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  • Nonqualified Deferred Compensation Plan - do it?

    For 2017, the larger company that has bought my organization is offering a NQDC plan through Fidelity.  My wife (also a physician in the same group) and I are trying to figure out if it makes sense to enroll.  Hopefully the information I provide below will be sufficient for those smarter than I to offer some advice.  Thanks in advance:

    • We currently max out all tax-advantaged space (401k, Backdoor Roth, HSA) and save an additional 20k/month in a taxable account using low-cost index funds.

    • We are financially independent (and financially free, as defined by PoF).

    • Our retirement horizon is no more than 10 years, no less than 2.5 years.

    • If we enroll in the plan, we would use 50-75% of our monthly 20k taxable account investment, and put that into the NQDC Plan.

    • The Plan funds are put into a "rabbi trust," so it would appear that the risk of loss of funds should be quite low.  However, if our parent company declares bankruptcy or otherwise becomes insolvent, I am not sure where on the list of creditors we would be, for purposes of which creditors get paid first before the account is depleted.

    • Because of our relatively young ages and short retirement horizon, Plan rules state that we will have to take the entire disbursement of funds upon "separation" from the company.  So we can assume a fairly large tax bill in 2.5-10 years.


    Has anyone had experience using this type of plan or advising their clients about its use?  Thank you!

  • #2
    I would check the financial status of your organization.  Look at the bond rating, for example.  Do you work for podunk regional clinic or national highly regarded med center?  Highly rated tax exempt organizations have a negligible 10 yr risk of failure. Delaying paying tax and than having tax deferred growth is very valuable at your bracket.  Check out the distribution options, my organization offers 20 yr options which would let your money grow.  Good luck, should not matter much either way in your case.

    Comment


    • #3




      For 2017, the larger company that has bought my organization is offering a NQDC plan through Fidelity.  My wife (also a physician in the same group) and I are trying to figure out if it makes sense to enroll.  Hopefully the information I provide below will be sufficient for those smarter than I to offer some advice.  Thanks in advance:

      • We currently max out all tax-advantaged space (401k, Backdoor Roth, HSA) and save an additional 20k/month in a taxable account using low-cost index funds.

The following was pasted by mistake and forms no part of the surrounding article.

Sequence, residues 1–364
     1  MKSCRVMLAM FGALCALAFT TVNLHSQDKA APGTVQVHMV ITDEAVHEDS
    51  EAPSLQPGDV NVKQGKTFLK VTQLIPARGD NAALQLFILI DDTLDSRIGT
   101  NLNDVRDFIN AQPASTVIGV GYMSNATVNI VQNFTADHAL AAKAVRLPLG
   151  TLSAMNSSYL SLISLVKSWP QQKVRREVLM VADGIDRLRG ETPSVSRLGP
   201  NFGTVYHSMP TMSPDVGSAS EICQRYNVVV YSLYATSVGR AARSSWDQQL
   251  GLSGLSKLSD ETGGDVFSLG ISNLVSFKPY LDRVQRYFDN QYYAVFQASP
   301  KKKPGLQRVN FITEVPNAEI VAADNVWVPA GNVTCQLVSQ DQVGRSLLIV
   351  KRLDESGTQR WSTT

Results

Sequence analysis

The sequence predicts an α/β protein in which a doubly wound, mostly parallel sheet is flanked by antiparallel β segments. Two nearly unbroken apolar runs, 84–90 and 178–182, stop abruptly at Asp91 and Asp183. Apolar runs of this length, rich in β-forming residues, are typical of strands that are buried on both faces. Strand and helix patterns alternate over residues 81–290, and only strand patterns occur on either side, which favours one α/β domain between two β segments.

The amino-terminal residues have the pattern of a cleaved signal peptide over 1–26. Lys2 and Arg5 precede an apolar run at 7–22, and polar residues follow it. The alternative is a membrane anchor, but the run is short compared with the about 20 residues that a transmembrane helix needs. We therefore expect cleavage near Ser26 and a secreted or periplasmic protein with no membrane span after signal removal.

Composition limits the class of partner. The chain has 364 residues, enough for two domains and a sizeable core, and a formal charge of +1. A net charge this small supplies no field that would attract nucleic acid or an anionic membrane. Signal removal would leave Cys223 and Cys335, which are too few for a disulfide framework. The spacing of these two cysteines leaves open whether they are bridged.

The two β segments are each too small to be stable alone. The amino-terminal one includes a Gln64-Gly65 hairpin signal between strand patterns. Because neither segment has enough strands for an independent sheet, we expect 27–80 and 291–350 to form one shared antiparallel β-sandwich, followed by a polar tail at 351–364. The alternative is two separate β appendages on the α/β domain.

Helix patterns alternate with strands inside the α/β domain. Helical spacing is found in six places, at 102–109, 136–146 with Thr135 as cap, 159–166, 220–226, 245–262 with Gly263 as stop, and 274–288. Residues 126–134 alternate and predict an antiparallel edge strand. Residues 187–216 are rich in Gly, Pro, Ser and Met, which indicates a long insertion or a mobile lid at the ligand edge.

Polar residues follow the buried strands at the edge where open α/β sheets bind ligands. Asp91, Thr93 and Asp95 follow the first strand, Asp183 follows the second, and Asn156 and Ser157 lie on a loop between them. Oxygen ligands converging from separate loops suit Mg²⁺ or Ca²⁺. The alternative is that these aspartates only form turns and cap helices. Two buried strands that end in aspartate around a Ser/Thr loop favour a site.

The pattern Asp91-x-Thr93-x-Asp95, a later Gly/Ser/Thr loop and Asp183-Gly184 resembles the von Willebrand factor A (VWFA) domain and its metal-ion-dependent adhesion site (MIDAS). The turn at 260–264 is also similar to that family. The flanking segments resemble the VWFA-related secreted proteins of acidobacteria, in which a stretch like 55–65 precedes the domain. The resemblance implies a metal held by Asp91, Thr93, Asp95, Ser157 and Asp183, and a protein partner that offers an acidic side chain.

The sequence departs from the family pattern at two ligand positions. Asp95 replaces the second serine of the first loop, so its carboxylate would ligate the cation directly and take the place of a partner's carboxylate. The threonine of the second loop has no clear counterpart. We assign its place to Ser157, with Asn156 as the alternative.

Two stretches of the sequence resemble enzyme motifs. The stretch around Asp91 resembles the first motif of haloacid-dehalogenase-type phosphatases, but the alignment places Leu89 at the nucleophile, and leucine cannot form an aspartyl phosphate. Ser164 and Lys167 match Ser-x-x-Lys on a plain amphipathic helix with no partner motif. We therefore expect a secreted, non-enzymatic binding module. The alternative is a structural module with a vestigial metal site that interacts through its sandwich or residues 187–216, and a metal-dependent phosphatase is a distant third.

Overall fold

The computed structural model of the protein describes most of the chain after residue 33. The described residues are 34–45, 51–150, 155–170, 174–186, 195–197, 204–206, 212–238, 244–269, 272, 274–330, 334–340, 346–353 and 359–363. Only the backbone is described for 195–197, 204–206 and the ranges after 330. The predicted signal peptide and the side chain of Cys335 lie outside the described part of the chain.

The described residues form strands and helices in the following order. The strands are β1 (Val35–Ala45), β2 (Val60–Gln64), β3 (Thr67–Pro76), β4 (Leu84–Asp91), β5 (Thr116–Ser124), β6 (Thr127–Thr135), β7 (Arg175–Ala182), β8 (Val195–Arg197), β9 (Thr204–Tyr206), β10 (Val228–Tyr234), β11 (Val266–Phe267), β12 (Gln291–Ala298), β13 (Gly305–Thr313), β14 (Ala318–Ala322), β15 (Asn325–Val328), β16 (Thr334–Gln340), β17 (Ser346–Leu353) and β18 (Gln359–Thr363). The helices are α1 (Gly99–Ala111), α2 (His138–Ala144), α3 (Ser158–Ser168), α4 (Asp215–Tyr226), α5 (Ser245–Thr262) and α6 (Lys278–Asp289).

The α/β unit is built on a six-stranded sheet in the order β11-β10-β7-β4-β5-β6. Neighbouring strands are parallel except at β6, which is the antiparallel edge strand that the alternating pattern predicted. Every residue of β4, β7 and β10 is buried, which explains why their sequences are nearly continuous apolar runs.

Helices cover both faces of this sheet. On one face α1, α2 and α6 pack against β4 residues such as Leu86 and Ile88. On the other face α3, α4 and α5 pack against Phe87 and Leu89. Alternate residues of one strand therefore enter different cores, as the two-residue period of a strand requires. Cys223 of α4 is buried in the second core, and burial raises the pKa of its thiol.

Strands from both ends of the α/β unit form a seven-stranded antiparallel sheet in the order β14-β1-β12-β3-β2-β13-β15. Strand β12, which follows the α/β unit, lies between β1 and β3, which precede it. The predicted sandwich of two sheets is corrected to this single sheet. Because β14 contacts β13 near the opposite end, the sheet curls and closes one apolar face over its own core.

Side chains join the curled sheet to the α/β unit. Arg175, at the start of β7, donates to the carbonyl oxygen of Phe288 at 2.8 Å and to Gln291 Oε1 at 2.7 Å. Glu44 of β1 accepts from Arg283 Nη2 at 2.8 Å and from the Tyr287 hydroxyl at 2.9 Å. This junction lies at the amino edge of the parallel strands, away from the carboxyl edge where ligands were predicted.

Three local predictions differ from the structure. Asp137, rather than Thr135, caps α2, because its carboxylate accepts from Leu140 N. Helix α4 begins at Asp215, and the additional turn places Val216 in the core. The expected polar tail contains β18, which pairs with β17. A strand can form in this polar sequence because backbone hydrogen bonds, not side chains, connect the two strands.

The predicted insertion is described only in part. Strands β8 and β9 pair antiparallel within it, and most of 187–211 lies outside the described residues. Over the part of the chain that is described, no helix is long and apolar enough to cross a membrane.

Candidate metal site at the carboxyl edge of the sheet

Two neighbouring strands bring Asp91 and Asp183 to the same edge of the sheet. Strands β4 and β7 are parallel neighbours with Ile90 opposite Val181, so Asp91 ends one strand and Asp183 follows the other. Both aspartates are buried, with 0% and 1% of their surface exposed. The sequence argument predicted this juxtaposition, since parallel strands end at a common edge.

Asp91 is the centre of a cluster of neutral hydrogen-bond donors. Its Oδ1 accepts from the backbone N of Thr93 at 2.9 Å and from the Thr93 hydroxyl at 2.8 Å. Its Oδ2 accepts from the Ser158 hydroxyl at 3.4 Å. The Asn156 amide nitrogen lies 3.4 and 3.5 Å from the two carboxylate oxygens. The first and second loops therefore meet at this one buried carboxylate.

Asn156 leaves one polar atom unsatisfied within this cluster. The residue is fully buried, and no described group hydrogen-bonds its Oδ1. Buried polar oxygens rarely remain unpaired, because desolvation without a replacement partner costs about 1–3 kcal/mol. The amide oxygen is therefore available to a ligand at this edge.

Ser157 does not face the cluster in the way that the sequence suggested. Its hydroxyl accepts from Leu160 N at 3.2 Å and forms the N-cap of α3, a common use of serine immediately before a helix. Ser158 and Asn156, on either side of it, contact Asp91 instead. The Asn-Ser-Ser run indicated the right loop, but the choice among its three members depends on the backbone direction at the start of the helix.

• We are financially independent (and financially free, as defined by PoF).

      • Our retirement horizon is no more than 10 years, no less than 2.5 years.

      • If we enroll in the plan, we would use 50-75% of our monthly 20k taxable account investment, and put that into the NQDC Plan.

      • The Plan funds are put into a “rabbi trust,” so it would appear that the risk of loss of funds should be quite low.  However, if our parent company declares bankruptcy or otherwise becomes insolvent, I am not sure where on the list of creditors we would be, for purposes of which creditors get paid first before the account is depleted.

      • Because of our relatively young ages and short retirement horizon, Plan rules state that we will have to take the entire disbursement of funds upon “separation” from the company.  So we can assume a fairly large tax bill in 2.5-10 years.


      Has anyone had experience using this type of plan or advising their clients about its use?  Thank you!
      Click to expand...


      I think there may be some misunderstanding here. A rabbi trust is funded by the employer, not the employee. The employer pays income taxes on the income of the trust and cannot deduct contributions to it until the assets are paid out to the employee. You are taxed on the distributions as you received them. The rabbi trust assets can go into either a revocable or irrevocable trust. If revocable, the employer can use the funds if it wants, so I recommend the trust should be irrevocable for maximum protection.